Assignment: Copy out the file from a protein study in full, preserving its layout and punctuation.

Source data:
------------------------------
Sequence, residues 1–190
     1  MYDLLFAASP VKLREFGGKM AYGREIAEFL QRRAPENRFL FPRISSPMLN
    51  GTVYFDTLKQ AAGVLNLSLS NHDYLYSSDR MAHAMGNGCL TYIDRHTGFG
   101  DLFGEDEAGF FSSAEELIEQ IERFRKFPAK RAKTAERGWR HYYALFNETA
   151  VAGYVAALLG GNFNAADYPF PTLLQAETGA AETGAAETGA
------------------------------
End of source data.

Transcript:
Sequence, residues 1–190
     1  MYDLLFAASP VKLREFGGKM AYGREIAEFL QRRAPENRFL FPRISSPMLN
    51  GTVYFDTLKQ AAGVLNLSLS NHDYLYSSDR MAHAMGNGCL TYIDRHTGFG
   101  DLFGEDEAGF FSSAEELIEQ IERFRKFPAK RAKTAERGWR HYYALFNETA
   151  VAGYVAALLG GNFNAADYPF PTLLQAETGA AETGAAETGA